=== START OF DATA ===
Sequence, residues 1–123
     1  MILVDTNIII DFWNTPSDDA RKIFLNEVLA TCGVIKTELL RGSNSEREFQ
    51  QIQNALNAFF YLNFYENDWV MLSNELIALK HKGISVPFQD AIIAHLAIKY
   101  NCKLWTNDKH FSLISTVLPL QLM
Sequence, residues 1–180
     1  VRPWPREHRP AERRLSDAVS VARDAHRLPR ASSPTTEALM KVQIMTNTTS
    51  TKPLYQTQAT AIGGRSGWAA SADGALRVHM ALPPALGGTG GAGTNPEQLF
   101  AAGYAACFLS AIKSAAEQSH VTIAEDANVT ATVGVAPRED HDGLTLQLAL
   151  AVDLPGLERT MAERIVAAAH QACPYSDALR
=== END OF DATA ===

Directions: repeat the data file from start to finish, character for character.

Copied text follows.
Sequence, residues 1–123
     1  MILVDTNIII DFWNTPSDDA RKIFLNEVLA TCGVIKTELL RGSNSEREFQ
    51  QIQNALNAFF YLNFYENDWV MLSNELIALK HKGISVPFQD AIIAHLAIKY
   101  NCKLWTNDKH FSLISTVLPL QLM
Sequence, residues 1–180
     1  VRPWPREHRP AERRLSDAVS VARDAHRLPR ASSPTTEALM KVQIMTNTTS
    51  TKPLYQTQAT AIGGRSGWAA SADGALRVHM ALPPALGGTG GAGTNPEQLF
   101  AAGYAACFLS AIKSAAEQSH VTIAEDANVT ATVGVAPRED HDGLTLQLAL
   151  AVDLPGLERT MAERIVAAAH QACPYSDALR